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Interview with Paul Lovell SEO Consultant and Founder at Always Evolving SEO

Welcome Paul Lovell, international SEO consultant and founder at Always Evolving SEO, and also a Search Engine Watch contributor.

Paul Lovell

Paul Lovell – Steve, how you doing?

Steve Wetmore – I’m doing fantastic today. Thank you. So Paul, could you please give us an outline of who you are, what you do and, and some of your past successes.

Paul Lovell – I’ve been in the digital marketing/SEO industry for many years. And recently I’ve been doing a lot of writing for our Search Engine Watch page and also help out SEMrush.com with some of their webinars and I wrote a big piece on eCommerce with them last year, and I think we’re going to do that again this year. And knowing that I’ve worked with many clients all around the world, Australia, America, I work with Liberty Safes and Impact as well Which I help them out with a lot of their clients. And one of my biggest clients recently raised over 4 million £’s in funding as a start-up in London, when I first worked with them I helped Generate Over £800K in revenue for them in the first year of trading and much more than that with the founder pre-funding.

Steve Wetmore – Ok Paul that’s very interesting. During our conversation you mentioned that we need to talk a little bit about Voice Search.

Paul Lovell – So let’s get into that. You’ve got your basic SEO 101 which most people know. Which means you need to focus on speed etc. Everyone knows that. But what people are not realizing is that the traditional search result page that everyone is used to seeing on their desktop is changing. At quite a fast-pace especially over the last year. And more of the SERP space is being taken up by featured snippets, and QandA, FAQ Schema, knowledge graph as well as ads and everything else as well. So on the SEO side of things, the space for organic listings is getting less and less. And that’s what people need to understand is that they need to start thinking about SEO from a slightly different angle. And yeah, voice search is on its way, and exactly how that’s going to affect the SERPs even more than what it already has, only Google knows. So yeah, I think that’s where people need start thinking about how they can enhance their content, their visibility, and their brand, ultimately, because you want to be selected as the featured snippet in your answer to that query that the users are searching for. You search for something and the featured snippet comes up and it’s your website and your brand, as the best answer for that query. Google is seeing you as the authority on that topic and rewarding you with the Featured Snippet. Now Yeah, the downside means that you’re not getting the user to your website. But then does that mean that that’s going to increase your brand visibility because they see you as an authority on that topic, for example.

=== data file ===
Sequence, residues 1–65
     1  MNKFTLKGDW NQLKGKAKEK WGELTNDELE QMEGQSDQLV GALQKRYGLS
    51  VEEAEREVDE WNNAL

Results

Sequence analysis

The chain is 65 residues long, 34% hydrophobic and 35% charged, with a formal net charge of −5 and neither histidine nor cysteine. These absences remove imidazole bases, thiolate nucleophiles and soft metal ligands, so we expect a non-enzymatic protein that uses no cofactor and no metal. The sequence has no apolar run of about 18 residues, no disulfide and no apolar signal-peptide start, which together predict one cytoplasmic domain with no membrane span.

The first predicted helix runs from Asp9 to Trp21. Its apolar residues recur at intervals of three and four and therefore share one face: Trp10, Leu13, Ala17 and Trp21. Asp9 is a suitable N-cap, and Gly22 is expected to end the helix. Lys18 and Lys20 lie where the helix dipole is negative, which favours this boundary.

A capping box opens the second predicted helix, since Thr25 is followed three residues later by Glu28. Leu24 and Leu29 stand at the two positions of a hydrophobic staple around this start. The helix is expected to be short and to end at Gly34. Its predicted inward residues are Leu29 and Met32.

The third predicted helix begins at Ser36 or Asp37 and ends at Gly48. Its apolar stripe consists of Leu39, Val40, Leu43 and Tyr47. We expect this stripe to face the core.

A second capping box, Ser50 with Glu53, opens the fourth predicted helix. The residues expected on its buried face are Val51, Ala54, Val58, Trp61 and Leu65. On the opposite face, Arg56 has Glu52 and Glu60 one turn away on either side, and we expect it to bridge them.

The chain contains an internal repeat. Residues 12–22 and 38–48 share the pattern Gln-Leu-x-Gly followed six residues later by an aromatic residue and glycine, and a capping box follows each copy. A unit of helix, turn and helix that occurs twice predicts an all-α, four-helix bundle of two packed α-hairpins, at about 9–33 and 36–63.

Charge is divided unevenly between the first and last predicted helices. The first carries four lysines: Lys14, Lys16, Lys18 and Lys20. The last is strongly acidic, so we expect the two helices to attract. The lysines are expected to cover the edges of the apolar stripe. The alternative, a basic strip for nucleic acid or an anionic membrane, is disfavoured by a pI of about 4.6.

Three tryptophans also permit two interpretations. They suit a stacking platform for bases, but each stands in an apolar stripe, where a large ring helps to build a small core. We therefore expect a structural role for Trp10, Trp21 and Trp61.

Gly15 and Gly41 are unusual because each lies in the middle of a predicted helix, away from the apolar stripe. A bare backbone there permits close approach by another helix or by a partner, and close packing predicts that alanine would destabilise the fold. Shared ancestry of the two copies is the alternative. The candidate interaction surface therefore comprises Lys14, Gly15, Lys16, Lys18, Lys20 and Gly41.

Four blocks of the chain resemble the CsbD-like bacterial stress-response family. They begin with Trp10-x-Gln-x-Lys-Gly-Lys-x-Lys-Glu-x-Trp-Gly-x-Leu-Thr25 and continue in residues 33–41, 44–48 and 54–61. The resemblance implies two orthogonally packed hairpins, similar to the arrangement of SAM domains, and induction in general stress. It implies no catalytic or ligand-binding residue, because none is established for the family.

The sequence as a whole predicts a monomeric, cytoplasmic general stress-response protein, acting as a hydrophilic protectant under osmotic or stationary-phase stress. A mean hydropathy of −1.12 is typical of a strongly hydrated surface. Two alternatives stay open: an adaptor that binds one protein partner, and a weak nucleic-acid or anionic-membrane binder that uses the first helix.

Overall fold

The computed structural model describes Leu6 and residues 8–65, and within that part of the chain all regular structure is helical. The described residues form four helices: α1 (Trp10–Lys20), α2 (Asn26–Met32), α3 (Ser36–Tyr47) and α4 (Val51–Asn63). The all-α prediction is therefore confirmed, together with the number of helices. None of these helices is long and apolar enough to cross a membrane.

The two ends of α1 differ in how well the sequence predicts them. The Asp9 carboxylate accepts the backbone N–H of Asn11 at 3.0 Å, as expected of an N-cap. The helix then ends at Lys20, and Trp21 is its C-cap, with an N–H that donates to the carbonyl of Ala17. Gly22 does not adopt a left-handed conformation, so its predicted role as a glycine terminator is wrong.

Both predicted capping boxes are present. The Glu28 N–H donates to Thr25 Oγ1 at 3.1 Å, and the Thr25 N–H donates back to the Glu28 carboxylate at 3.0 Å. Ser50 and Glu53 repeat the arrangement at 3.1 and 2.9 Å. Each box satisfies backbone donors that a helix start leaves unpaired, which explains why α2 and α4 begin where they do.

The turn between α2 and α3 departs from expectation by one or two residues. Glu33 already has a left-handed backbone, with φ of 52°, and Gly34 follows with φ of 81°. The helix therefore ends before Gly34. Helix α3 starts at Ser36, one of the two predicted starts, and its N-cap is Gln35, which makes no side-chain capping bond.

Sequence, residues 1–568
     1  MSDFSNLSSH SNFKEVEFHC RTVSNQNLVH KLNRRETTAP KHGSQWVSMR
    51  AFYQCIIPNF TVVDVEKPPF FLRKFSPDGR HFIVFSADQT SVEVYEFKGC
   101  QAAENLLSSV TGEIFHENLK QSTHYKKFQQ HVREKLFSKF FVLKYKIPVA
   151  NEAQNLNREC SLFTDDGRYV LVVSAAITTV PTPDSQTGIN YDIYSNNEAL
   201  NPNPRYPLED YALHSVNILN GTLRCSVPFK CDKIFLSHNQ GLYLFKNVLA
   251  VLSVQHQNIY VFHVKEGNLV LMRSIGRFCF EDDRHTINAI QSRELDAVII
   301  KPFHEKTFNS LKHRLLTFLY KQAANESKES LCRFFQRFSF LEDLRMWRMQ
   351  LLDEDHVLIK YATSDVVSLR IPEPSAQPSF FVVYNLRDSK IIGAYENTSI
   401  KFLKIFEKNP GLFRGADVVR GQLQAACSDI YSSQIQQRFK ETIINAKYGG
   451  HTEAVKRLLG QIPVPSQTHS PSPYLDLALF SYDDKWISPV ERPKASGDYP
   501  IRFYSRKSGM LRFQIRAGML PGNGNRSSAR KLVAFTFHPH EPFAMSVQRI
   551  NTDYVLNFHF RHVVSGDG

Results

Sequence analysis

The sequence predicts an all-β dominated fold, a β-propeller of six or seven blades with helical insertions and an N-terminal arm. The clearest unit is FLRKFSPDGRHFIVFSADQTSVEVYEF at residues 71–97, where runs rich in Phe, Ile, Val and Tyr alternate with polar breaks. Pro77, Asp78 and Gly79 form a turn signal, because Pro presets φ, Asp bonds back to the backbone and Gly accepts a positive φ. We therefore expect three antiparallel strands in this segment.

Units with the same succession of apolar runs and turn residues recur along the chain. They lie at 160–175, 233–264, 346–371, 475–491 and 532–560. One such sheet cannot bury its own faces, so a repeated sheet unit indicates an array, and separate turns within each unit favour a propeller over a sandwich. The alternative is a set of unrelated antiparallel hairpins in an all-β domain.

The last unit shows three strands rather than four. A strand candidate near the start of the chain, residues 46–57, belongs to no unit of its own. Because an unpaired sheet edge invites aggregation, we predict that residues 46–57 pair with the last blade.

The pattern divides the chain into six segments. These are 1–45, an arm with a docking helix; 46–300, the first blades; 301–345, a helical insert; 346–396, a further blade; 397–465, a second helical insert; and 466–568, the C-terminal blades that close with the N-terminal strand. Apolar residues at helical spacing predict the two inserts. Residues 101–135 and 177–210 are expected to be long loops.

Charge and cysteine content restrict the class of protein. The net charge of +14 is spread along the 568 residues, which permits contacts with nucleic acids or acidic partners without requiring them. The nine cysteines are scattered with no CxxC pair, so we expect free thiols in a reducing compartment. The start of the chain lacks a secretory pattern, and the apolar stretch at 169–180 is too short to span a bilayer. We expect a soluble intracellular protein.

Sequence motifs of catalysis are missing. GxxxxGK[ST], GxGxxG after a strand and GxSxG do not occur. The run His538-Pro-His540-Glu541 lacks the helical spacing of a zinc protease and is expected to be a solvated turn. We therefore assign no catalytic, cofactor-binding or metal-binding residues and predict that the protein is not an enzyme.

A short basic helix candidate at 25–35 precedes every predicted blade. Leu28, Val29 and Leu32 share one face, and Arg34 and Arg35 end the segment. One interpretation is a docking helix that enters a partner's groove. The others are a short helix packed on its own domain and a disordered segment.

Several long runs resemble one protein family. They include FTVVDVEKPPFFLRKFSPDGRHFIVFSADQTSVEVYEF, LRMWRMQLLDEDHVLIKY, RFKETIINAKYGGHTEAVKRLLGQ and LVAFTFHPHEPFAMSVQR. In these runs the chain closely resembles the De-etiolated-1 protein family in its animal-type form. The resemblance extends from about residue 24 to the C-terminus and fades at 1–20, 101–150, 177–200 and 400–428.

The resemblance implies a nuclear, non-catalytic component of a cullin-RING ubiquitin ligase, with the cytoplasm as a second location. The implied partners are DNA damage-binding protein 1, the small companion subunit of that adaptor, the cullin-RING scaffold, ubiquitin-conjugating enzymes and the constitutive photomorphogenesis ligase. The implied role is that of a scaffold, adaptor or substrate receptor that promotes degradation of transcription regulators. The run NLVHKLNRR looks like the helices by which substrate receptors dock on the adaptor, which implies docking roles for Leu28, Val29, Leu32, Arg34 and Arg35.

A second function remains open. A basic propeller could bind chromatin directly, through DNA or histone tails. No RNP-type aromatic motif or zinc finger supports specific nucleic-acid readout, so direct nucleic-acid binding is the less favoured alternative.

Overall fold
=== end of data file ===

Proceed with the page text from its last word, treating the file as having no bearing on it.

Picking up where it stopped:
Steve Wetmore – So, I’m going to challenge you a little bit. Our readers need some detail on what exactly to do this as SEOs, speculating and using their their expertise to, to come up with some sort of answer on what exactly to do on your website besides all of the SEO 101 stuff to improve or to prepare your website more for voice search?

Paul Lovell – Well, that’s quite easy. Google has published information on the Developer’s Guide. And that’s the speakable schema. So that’s where you give Google the information that you would like them to read out on a voice device. I mean, that’s what the whole purpose of that Schema is for. And placing that Schema Markup on your site with some relevant information in the correct way, according to their guidelines, will give you the ability to serve that information to run on a voice device like Google Home. This code is open to anyone to use.